Types of surgery

A team of doctors and other professionals discuss the best treatment and care for you. They are called a multidisciplinary team (MDT). 

The surgery you have depends on:

  • where the NET started (the primary tumour)
  • how big the tumour is
  • whether it has spread
  • how the cells look under the microscope (the grade)
  • the symptoms you have
  • your general health
Your doctor will discuss your surgery, its benefits and the possible risks with you.

You are likely to have a clinical nurse specialist (or CNS). They go to the MDT meetings. They can help answer your questions and support you. They are often your main point of contact throughout your treatment. 

Types of surgery

Your surgeon aims to remove the tumour completely. For some NETs, surgery is the only treatment you need. 

For a NET that has spread to other parts of the body, your surgeon might still do surgery to remove most of the tumour. This is called debulking. Debulking surgery can help to control your symptoms and help you feel better, but won’t get rid of the NET.

Some of these are major operations and there are possible risks. But if the aim is to try to cure the NET, you might feel it is worth some risks.

Surgery for lung NETs

Surgery is the main treatment for typical carcinoid (TC) and atypical carcinoid (AC). These are types of lung NETs. 

A doctor specialising in lung surgery (known as a thoracic or cardiothoracic surgeon) does the operation. They usually remove a small section of the lung (lobectomy). Or they may remove the whole lung (pneumonectomy) in some cases.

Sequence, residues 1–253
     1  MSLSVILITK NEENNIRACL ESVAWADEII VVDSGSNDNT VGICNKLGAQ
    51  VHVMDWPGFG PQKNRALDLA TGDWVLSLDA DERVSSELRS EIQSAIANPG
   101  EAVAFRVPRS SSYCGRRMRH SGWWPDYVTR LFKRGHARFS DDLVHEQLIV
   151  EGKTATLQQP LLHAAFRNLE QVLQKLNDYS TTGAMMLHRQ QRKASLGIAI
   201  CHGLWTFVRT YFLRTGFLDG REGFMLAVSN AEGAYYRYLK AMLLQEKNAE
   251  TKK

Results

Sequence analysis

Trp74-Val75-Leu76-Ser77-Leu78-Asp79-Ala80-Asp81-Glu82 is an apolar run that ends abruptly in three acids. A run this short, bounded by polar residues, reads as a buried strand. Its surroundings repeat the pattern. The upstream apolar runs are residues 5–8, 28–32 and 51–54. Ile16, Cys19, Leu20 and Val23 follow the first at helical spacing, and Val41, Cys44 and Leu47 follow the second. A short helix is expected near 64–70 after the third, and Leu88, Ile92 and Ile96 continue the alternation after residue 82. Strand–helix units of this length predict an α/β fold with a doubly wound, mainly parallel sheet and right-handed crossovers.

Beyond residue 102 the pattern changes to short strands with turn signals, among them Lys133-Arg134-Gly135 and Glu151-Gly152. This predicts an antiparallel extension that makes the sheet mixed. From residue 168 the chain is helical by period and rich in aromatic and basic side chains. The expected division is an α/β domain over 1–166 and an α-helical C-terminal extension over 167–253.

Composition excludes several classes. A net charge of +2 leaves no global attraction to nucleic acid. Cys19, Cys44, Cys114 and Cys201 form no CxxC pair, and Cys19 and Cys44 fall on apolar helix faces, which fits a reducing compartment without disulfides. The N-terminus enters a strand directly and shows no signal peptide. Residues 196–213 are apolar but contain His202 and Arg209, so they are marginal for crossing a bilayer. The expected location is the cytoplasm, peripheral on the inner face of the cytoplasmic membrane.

Surgery for NETs of the pancreas

You see a surgeon who specialises in surgery of the pancreas. Your surgeon might remove:

  • just the tumour
  • the part of the pancreas where the tumour is
  • part of the pancreas and some nearby organs such as the spleen
  • the whole pancreas

Your surgeon may also remove the lymph nodes around the pancreas. The lymph nodes drain away fluid, waste products and damaged cells, and contain cells that fight infection. They are often the first place where cancers spread to.

Surgery for gut NETs

The gut includes the:

  • stomach
  • small and large bowel
  • back passage (rectum)

You usually have keyhole or laparoscopic surgery to remove small NETs of the gut. Your surgeon makes small cuts in your tummy (abdomen). They pass a long tube called a laparoscope and other instruments through these cuts. The laparoscope has a light and camera on the end, so your surgeon can look into your abdomen and use the instruments to remove the tumour. 

For large gut NETs or for a gut NET that is difficult to reach, you have an open surgery. This means your surgeon makes one long cut down your abdomen to remove the tumour. 

We have more information about surgery on the treatment pages for your type of gut NET. 

Other treatments

There are other types of treatment for NETs if you can’t have surgery. These include:

  • somatostatin analogues
  • radiotherapy
  • chemotherapy
  • targeted drugs

These treatments can control your symptoms and help you feel better. But they won’t get rid of the NET.


Treatment for neuroendocrine tumours can be difficult to cope with for some people. Your nurse will give you phone numbers to call if you have any problems at home. 

If you have any questions about treatment, you can talk to Cancer Research UK’s information nurses on freephone 0808 800 4040, 9am to 5pm, Monday to Friday.
Last reviewed: 
15 Mar 2021
Next review due: 
15 Mar 2024
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